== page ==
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Big stars, better films scream into annual horror fest

Scene from the short fantasy ‘Believe.’
Scene from the short fantasy ‘Believe.’

While it shouldn't come as a shock, the Central Valley's independent horror, science-fiction and fantasy film festival has reached the ripe old age of 7.

The seventh annual ShockerFest returns with a full slate of feature and short films from across the country and the world this weekend at the Riverbank Galaxy Theatres.

Festival founder George Baker said more than 250 entries from as far away as Italy, Canada, Japan, Germany, Australia and New Zealand were submitted to this year's festival. Some 65 films were selected for screening, including more than a dozen feature-length projects.

This year's roster includes such recognizable faces as "Bullets Over Broadway" star Jennifer Tilly (who was nominated for a supporting-actress Oscar for her role) and "The Breakfast Club" star Judd Nelson in the feature "Caretaker"; "Kill Bill" star Michael Madsen and "Mike Hammer: Private Eye" star Stacy Keach in "The Portal"; and "Buffy the Vampire Slayer" alum Nicholas Brendon in "Blood on the Highway."

The event also will feature appearances each day by "The Road Warrior" and "Commando" villain Vernon Wells and horror scream queen Brinke Stevens.

Wells played the mohawked baddie who fought "Mad Max" hero Mel Gibson in the 1981 sequel to the cult apocalyptic hit. Wells also will attend a 9 p.m. Saturday screening and Q&A discussion of "The Road Warrior."

Baker said this will be the first time the studio has allowed the film to be shown on the big screen in 15 years.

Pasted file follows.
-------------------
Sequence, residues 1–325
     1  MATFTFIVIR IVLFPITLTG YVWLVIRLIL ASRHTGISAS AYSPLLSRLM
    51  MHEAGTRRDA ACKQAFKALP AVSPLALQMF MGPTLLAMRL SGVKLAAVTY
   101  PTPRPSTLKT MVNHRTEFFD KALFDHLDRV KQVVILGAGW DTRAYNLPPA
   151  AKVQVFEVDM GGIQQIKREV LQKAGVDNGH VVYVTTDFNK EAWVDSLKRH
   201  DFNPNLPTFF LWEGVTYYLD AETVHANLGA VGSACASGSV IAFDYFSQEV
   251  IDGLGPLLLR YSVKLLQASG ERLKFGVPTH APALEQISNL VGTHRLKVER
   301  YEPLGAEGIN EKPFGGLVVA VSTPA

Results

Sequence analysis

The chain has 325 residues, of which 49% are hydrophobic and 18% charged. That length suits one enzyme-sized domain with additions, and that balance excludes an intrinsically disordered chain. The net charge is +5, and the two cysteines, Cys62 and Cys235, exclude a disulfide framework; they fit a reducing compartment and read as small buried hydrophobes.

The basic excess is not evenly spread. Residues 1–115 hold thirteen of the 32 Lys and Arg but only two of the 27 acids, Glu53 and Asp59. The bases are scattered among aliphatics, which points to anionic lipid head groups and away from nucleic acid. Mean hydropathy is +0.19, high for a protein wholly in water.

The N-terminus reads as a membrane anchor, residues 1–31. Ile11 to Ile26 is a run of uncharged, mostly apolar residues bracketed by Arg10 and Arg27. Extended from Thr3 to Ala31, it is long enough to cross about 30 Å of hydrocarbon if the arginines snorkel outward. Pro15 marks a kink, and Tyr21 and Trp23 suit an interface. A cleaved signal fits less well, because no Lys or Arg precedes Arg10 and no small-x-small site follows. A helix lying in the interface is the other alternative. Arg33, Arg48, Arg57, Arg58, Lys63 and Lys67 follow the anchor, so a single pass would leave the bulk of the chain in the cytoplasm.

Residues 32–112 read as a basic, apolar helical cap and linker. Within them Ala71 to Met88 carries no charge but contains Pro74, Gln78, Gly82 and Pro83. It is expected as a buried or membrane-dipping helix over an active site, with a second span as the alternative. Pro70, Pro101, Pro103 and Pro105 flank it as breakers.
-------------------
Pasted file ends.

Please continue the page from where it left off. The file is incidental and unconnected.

Like last year, this year's event will kick off tonight with a ZombieFest. The costume party will feature music by Bernadette & the Element and a Scream Queen Contest in which attendees are invited to let out their best blood-curdling screams.

Baker said while submissions were down this year, the quality of the work has gone up instead.

"The films just get better every year," he said, "so our screeners are more selective. We had films that did not make it this year that probably would have won the festival three years ago."

While the festival's name emphasizes its horror roots, Baker said he was encouraged to see more submissions in other film genres this year.

"Sci-fi and fantasy are more difficult and expensive to make, in many ways. The technical aspects of doing the computer graphics is more complicated. But more and more people are willing to take a chance and strive toward doing new things," he said.

The festival attracted some 500 to 600 moviegoers last year, and Baker said word-of-mouth has helped it grow each year. "As the films get better, we get more and more calls from people who want to be there," he said.

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